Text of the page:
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1.  Neuroprotective Effects of a Novel Single Compound 1-Methoxyoctadecan-1-ol Isolated from Uncaria sinensis in Primary Cortical Neurons and a Photothrombotic Ischemia Model 
PLoS ONE  2014;9(1):e85322.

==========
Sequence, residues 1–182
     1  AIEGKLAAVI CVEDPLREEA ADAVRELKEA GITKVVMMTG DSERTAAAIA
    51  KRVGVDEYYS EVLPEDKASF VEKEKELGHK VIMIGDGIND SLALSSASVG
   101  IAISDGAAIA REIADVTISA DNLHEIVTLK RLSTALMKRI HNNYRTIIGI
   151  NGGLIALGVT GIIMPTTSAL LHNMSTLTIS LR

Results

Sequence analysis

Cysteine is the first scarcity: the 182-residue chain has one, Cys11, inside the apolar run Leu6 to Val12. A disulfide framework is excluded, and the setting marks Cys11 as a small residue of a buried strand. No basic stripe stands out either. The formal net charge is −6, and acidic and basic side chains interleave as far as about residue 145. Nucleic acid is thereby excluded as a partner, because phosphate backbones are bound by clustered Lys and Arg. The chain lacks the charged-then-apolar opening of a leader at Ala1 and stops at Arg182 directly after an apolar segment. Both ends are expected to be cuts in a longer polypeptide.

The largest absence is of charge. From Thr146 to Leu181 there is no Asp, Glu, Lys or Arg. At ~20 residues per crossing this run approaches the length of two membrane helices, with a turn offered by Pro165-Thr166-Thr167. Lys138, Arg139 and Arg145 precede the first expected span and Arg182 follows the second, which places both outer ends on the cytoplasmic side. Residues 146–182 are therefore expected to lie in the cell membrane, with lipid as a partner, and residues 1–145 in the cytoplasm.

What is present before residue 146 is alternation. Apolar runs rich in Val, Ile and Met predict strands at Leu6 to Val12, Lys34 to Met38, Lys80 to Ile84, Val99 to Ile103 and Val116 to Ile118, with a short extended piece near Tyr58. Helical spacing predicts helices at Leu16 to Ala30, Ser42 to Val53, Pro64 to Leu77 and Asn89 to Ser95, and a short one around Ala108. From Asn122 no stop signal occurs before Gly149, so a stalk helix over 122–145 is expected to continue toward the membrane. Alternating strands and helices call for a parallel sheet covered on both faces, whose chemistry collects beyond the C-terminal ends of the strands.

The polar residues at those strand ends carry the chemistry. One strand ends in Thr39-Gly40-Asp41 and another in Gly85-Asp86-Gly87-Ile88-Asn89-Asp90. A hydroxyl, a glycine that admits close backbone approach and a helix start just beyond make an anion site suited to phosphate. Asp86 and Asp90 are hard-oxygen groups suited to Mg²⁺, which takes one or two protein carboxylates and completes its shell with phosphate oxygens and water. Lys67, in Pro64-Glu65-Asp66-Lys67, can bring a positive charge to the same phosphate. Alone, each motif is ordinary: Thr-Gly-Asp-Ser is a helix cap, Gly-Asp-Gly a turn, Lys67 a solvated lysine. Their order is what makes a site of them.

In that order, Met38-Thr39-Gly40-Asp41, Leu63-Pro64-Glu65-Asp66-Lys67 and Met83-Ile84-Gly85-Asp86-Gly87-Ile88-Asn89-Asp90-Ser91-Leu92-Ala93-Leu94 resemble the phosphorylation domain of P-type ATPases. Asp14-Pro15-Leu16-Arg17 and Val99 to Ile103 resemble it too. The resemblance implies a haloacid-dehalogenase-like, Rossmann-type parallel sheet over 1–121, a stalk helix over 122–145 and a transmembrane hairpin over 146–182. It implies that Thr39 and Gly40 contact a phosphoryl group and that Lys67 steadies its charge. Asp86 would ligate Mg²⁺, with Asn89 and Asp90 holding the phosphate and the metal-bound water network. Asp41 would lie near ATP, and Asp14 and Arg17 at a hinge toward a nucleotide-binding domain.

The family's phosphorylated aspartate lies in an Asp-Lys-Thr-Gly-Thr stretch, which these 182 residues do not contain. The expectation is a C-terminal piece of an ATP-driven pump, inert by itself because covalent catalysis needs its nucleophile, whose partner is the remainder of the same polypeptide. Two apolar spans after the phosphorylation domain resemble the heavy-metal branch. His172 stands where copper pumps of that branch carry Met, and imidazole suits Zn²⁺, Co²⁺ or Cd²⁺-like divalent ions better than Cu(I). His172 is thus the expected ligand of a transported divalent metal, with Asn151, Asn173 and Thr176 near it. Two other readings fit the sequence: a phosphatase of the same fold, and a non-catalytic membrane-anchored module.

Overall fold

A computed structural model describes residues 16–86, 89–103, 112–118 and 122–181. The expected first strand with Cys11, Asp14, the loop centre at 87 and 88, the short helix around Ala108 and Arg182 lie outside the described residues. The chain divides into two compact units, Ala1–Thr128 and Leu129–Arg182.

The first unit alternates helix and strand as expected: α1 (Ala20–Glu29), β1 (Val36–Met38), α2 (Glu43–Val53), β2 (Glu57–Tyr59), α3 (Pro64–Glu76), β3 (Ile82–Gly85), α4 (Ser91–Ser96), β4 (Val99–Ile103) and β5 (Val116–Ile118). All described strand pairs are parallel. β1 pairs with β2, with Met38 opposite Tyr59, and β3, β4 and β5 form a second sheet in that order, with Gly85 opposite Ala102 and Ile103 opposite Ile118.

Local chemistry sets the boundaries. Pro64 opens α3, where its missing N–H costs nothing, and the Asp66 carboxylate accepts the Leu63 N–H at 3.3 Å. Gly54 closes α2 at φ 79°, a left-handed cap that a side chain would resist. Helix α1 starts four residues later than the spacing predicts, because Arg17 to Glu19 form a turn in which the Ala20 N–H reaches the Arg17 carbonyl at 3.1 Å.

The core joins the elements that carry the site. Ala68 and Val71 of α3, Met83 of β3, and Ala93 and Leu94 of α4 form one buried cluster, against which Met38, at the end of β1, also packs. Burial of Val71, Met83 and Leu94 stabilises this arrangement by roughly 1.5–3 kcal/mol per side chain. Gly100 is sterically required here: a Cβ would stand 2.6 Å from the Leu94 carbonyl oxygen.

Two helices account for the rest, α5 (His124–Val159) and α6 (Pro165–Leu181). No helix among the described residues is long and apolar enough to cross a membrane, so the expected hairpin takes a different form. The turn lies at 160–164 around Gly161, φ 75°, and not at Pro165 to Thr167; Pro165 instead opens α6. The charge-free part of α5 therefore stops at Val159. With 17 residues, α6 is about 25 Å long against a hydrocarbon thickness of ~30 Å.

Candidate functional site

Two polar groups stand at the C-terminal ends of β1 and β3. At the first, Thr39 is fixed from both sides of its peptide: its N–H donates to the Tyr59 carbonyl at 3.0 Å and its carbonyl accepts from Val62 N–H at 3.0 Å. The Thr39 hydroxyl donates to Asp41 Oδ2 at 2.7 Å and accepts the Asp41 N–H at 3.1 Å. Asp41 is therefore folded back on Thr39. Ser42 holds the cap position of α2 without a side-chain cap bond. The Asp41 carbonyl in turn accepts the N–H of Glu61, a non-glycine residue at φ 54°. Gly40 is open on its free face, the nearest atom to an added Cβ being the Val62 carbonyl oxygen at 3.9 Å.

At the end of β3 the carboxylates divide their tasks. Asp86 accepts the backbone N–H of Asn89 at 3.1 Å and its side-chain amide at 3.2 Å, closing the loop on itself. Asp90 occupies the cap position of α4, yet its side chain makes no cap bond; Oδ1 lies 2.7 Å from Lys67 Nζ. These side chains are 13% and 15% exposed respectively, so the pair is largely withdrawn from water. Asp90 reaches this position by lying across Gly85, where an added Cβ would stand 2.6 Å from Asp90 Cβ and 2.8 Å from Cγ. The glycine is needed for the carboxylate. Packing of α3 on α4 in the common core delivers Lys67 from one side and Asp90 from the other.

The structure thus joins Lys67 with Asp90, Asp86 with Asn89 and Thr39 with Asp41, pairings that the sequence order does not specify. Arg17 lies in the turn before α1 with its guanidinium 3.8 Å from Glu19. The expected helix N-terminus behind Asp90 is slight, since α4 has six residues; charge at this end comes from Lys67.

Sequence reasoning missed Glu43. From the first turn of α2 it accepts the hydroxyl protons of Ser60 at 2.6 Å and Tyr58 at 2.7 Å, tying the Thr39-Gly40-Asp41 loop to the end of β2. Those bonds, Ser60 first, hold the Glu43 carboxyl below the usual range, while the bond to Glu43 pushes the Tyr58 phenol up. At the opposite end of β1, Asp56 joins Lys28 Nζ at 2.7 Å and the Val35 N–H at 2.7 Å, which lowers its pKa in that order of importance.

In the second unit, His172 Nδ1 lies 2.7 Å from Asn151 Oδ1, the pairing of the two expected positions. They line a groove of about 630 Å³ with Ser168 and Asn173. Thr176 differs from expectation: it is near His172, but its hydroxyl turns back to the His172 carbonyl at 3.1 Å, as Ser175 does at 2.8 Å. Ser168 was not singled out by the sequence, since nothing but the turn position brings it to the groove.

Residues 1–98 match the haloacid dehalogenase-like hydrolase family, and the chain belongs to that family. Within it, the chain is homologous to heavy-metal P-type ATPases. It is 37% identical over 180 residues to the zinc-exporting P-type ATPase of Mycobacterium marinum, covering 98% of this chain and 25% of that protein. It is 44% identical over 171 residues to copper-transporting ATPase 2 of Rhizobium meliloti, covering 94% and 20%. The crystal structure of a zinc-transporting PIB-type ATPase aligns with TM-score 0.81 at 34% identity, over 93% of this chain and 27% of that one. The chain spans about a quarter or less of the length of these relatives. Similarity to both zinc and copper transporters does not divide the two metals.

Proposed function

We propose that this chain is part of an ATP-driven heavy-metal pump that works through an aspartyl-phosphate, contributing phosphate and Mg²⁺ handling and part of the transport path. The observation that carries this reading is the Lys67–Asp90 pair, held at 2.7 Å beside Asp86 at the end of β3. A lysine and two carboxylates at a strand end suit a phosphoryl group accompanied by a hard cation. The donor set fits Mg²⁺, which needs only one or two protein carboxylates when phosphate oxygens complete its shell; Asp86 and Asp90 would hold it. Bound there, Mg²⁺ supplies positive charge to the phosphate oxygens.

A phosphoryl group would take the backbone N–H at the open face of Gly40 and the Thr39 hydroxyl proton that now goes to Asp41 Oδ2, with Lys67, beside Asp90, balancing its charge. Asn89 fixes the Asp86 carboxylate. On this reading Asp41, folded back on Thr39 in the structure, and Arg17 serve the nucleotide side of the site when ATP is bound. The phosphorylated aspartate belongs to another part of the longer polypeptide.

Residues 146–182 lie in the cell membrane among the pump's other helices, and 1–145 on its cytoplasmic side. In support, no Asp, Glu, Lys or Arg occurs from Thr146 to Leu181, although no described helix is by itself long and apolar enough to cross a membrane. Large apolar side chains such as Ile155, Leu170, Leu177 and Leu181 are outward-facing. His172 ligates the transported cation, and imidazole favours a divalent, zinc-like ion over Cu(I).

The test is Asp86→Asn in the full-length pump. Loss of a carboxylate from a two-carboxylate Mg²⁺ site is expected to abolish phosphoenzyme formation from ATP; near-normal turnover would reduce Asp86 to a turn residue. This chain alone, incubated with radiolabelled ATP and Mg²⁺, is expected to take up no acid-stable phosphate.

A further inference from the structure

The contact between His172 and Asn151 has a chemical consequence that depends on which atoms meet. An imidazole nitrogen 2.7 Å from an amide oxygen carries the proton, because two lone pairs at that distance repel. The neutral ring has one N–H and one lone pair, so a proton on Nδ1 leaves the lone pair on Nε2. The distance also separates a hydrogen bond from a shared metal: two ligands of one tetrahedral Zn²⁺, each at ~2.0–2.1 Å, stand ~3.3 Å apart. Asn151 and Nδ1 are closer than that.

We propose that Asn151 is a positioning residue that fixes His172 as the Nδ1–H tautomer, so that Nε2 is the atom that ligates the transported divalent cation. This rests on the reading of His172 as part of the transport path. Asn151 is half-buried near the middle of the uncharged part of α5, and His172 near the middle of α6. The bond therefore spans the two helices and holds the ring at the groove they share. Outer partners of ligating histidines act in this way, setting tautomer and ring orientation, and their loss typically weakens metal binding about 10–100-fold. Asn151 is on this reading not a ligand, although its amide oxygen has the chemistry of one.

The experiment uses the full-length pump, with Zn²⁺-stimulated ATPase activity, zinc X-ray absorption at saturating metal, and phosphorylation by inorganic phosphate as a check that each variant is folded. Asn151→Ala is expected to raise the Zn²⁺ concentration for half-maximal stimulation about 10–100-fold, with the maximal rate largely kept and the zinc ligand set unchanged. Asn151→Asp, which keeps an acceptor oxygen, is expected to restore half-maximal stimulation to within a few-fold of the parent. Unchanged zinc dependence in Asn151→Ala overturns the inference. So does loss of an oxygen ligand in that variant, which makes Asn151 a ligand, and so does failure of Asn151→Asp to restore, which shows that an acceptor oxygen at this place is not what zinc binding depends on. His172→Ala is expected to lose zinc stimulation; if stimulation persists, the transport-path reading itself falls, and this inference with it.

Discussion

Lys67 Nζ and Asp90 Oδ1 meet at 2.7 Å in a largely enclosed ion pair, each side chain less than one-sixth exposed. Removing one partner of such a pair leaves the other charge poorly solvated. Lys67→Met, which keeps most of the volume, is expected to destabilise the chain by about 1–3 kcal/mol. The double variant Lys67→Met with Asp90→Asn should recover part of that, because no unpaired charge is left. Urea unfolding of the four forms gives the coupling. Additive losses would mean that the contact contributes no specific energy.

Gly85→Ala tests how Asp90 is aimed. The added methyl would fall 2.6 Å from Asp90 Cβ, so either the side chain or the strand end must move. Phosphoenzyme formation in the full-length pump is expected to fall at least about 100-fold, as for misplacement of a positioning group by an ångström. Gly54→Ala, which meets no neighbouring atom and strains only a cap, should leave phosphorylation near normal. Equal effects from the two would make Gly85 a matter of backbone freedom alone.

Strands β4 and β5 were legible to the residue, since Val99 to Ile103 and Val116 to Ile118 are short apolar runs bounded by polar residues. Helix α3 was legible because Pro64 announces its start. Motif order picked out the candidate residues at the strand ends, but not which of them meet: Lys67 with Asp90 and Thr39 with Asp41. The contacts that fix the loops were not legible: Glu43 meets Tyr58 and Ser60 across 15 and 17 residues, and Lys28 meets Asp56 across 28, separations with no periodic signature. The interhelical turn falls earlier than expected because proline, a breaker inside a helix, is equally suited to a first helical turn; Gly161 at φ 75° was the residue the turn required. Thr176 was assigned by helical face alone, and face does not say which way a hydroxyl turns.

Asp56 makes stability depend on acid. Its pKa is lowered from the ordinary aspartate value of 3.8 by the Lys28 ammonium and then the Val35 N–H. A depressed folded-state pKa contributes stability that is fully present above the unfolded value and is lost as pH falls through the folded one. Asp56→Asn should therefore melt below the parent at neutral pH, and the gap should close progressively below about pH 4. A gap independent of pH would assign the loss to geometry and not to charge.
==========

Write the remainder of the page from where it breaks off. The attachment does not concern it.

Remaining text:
We identified a novel neuroprotective compound, 1-methoxyoctadecan-1-ol, from Uncaria sinensis (Oliv.) Havil and investigated its effects and mechanisms in primary cortical neurons and in a photothrombotic ischemic model. In primary rat cortical neurons against glutamate-induced neurotoxicity, pretreatment with 1-methoxyoctadecan-1-ol resulted in significantly reduced neuronal death in a dose-dependent manner. In addition, treatment with 1-methoxyoctadecan-1-ol resulted in decreased neuronal apoptotic death, as assessed by nuclear morphological approaches. To clarify the neuroprotective mechanism of 1-methoxyoctadecan-1-ol, we explored the downstream signaling pathways of N-methyl-D-aspartate receptor (NMDAR) with calpain activation. Treatment with glutamate leads to early activation of NMDAR, which in turn leads to calpain-mediated cleavage of striatal-enriched protein tyrosine phosphatase (STEP) and subsequent activation of p38 mitogen activated protein kinase (MAPK). However, pretreatment with 1-methoxyoctadecan-1-ol resulted in significantly attenuated activation of GluN2B-NMDAR and a decrease in calpain-mediated STEP cleavage, leading to subsequent attenuation of p38 MAPK activation. We confirmed the critical role of p38 MAPK in neuroprotective effects of 1-methoxyoctadecan-1-ol using specific inhibitor SB203580. In the photothrombotic ischemic injury in mice, treatment with 1-methoxyoctadecan-1-ol resulted in significantly reduced infarct volume, edema size, and improved neurological function. 1-methoxyoctadecan-1-ol effectively prevents cerebral ischemic damage through down-regulation of calpain-mediated STEP cleavage and activation of p38 MAPK. These results suggest that 1-methoxyoctadecan-1-ol showed neuroprotective effects through down-regulation of calpain-mediated STEP cleavage with activation of GluN2B-NMDAR, and subsequent alleviation of p38 MAPK activation. In addition, 1-methoxyoctadecan-1-ol might be a useful therapeutic agent for brain disorder such as ischemic stroke.